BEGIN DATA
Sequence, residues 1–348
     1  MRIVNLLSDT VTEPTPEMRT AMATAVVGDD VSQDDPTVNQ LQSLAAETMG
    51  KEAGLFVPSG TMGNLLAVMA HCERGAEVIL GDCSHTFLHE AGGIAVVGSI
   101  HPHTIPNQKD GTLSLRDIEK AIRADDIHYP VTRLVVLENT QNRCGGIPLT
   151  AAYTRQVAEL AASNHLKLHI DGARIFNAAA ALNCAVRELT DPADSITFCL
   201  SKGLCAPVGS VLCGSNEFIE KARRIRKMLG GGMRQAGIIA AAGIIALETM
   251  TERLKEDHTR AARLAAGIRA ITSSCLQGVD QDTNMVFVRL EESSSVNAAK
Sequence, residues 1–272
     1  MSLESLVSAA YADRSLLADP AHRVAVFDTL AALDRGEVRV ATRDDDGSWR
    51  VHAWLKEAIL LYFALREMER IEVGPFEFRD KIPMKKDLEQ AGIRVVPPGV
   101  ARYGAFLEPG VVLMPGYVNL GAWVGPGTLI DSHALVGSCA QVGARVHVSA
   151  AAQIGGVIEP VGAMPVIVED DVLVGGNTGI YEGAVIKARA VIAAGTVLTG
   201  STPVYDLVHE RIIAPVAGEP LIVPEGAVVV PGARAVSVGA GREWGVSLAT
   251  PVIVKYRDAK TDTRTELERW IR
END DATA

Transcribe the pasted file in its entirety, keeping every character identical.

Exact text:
Sequence, residues 1–348
     1  MRIVNLLSDT VTEPTPEMRT AMATAVVGDD VSQDDPTVNQ LQSLAAETMG
    51  KEAGLFVPSG TMGNLLAVMA HCERGAEVIL GDCSHTFLHE AGGIAVVGSI
   101  HPHTIPNQKD GTLSLRDIEK AIRADDIHYP VTRLVVLENT QNRCGGIPLT
   151  AAYTRQVAEL AASNHLKLHI DGARIFNAAA ALNCAVRELT DPADSITFCL
   201  SKGLCAPVGS VLCGSNEFIE KARRIRKMLG GGMRQAGIIA AAGIIALETM
   251  TERLKEDHTR AARLAAGIRA ITSSCLQGVD QDTNMVFVRL EESSSVNAAK
Sequence, residues 1–272
     1  MSLESLVSAA YADRSLLADP AHRVAVFDTL AALDRGEVRV ATRDDDGSWR
    51  VHAWLKEAIL LYFALREMER IEVGPFEFRD KIPMKKDLEQ AGIRVVPPGV
   101  ARYGAFLEPG VVLMPGYVNL GAWVGPGTLI DSHALVGSCA QVGARVHVSA
   151  AAQIGGVIEP VGAMPVIVED DVLVGGNTGI YEGAVIKARA VIAAGTVLTG
   201  STPVYDLVHE RIIAPVAGEP LIVPEGAVVV PGARAVSVGA GREWGVSLAT
   251  PVIVKYRDAK TDTRTELERW IR